Cars are allowed access via a sand track that weaves its way through the area, often squeezing itself between two large pinnacles. The road was in good shape for a sand track, but we and the few others in the park, found it difficult to get out of first gear before we were stopping and climbing out for more pictures. The yellow/orange sand in stark contrast to the glaring white dunes of the distant beach, and the colour is accentuated by the low, reddish light of sunset. Most of the tour groups had long gone for the day, so again it was just us and a couple of other cars left to wonder the site and its long shadows. I found a family of 5 galahs, nesting in a cavity in one of the pinnacles. They allowed me to get fairly close before they started complaining with their loud squawks. I tried to keep a distance to avoid stressing out the family, but I was still close enough to hear chicks begging in the nest.
A little while along the vehicle trail, Maryanne spotted three kangaroos in the bushes. I was further down the hill so she directed me to their location so I could take pictures. As I got in the general vicinity, they decided I was too close, and they bounded across the sands, weaving through the pinnacles – the kangaroos of the Pinnacles, pretty cool!
The sunset of course, meant that it would soon be dark, and we had to hurry to get back to our camp while we could still see the roads and to protect ourselves from generating any new road kill.
[Maryanne]For a site where I was pretty much expecting to see what we’d already seen in the many pictures, we were amazed to discover a treasure that will remain a highlight of our trip to Australia.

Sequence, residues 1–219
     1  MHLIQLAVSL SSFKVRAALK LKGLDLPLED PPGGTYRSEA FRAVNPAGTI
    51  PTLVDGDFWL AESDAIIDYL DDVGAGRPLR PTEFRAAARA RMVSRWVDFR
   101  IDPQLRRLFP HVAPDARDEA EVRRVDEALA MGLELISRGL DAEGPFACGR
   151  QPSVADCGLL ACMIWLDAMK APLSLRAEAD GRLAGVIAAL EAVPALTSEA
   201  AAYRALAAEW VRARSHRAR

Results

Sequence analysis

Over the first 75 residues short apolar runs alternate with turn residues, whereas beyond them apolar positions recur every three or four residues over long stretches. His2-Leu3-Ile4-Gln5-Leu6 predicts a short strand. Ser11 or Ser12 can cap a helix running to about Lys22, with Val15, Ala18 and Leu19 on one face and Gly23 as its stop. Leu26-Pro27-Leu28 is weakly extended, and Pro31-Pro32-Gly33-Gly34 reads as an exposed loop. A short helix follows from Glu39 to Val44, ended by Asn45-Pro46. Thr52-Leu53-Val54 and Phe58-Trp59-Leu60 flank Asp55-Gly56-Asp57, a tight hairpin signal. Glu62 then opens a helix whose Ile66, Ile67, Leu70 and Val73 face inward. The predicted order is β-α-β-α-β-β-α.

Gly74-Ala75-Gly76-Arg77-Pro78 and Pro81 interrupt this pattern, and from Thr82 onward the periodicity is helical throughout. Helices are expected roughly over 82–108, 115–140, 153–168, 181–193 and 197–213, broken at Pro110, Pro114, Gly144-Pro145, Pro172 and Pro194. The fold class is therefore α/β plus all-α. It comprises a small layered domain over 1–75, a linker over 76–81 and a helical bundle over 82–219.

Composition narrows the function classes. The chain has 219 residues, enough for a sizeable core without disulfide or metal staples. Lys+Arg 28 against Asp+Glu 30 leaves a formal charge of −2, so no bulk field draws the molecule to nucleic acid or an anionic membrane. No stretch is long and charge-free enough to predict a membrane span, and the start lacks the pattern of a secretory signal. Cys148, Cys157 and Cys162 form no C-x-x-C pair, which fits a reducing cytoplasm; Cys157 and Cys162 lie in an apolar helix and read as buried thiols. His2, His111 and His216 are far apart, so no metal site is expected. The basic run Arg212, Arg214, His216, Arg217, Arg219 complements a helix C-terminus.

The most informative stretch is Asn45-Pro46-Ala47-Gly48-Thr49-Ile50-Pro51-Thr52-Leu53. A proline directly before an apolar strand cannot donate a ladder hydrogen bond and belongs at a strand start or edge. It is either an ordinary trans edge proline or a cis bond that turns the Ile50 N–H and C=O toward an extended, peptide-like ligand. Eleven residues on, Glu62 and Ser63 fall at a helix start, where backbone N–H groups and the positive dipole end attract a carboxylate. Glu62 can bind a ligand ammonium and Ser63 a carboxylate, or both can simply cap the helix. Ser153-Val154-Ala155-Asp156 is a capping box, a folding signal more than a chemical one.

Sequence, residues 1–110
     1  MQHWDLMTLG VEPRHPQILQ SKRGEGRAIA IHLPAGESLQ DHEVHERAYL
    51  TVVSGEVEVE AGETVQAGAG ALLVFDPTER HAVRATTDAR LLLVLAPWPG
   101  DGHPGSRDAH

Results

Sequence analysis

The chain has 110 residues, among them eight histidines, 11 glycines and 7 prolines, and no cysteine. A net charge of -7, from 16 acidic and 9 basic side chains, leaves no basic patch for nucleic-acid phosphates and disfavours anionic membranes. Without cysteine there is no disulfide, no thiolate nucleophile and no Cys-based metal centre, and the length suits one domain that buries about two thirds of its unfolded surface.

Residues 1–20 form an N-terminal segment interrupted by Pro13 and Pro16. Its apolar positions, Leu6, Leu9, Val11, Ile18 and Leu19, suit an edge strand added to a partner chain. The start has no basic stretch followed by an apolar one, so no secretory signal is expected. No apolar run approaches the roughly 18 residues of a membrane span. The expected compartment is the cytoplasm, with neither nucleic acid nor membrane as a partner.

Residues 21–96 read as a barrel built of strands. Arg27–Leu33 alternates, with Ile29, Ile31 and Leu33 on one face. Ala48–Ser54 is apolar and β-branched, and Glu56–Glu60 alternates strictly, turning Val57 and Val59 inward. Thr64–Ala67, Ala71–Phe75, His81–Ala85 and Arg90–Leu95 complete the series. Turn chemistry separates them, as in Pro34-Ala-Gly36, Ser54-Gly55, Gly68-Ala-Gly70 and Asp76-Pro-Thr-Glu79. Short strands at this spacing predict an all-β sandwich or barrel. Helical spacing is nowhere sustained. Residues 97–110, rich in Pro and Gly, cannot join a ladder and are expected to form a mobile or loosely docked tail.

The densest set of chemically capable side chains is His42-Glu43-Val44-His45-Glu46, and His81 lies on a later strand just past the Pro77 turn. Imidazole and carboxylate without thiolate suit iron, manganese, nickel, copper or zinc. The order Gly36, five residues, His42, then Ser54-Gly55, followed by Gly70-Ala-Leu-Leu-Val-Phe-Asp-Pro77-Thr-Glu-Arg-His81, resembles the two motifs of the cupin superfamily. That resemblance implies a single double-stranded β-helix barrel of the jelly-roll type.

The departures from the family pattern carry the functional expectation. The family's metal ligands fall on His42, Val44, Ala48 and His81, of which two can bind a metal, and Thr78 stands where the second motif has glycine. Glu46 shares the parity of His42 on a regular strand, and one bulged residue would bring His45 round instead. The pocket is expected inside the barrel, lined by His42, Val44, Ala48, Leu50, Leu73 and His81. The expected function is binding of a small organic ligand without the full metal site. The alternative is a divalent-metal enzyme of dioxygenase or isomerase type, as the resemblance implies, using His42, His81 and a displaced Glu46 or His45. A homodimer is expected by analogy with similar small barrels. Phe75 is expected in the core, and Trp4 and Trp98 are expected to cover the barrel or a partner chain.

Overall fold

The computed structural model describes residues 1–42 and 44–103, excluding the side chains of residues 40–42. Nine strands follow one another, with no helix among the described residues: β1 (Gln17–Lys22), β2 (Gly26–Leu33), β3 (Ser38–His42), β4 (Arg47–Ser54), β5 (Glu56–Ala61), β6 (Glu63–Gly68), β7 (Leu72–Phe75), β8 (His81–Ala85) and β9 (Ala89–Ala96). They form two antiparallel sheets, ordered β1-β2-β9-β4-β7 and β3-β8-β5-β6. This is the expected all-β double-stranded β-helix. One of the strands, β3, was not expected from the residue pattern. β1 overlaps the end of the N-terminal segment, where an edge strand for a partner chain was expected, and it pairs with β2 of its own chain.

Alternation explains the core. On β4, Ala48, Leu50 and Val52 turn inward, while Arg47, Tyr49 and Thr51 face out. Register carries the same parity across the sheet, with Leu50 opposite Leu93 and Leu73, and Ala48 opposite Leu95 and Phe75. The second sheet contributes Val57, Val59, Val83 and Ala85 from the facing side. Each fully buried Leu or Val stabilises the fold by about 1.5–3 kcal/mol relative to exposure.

[Kyle]Back at camp we built a fire and had a dinner made from an assortment of remnants from our food bag (with a flight to catch in a couple of days, we have to finish up all we can’t carry). This night was even worse than the previous. Even though it started out with almost no wind, giving us the chance to shake the sand off everything before going to bed, the wind picked up and we resumed our constant snow of sand, joined with the whip crack of the tent walls. As I was climbing into bed I found a tick. I quickly put him outside, but this gave me (and to a greater extent, Maryanne) the heebie-jeebies all night. This meant that once I finally relaxed from constant worry from being bitten, and just as I’d fall asleep, Maryanne would let out a yelp and swear she was being bitten, and I would have to search for a potential tick with the flash light). By the time we both finally got tired enough to no longer care, gusts of winds would shake the tent and the sand began flying. The other thing was that I had planned to get up early, and without an alarm clock, I was also nervous I would not wake up in time. Our plan was to get up early, get the tent and car packed up and return to the Pinnacles for sun rise (or shortly after). We managed to get up (hardly surprising) and be on the road before official sun rise, arriving at the Pinnacles just 20 minutes after.
Except for a diehard photographer, looking for the best light, we were the only people there. This gave us the freedom to stop the car right in the middle of the one lane road any time we saw anything of interest, and to wonder off without concern for other tourists. This time we also took the walk trail through the Pinnacles. More great pictures, including some of the galahs in the morning, and we also had time to watch a blue tongue lizard go through his morning routine of being cute. Still not in a hurry to leave we had breakfast and re-packed the car, (preparing the car for its return to the rental company, and our back packs for our flight the following day) while waiting for the visitor centre to open.
Eventually we found ourselves back on the highway and heading for a hotel in Perth, presumably with showers, internet, and a comfy, tick and sand free bed (along with other luxuries like electricity, pizza delivery, and the like).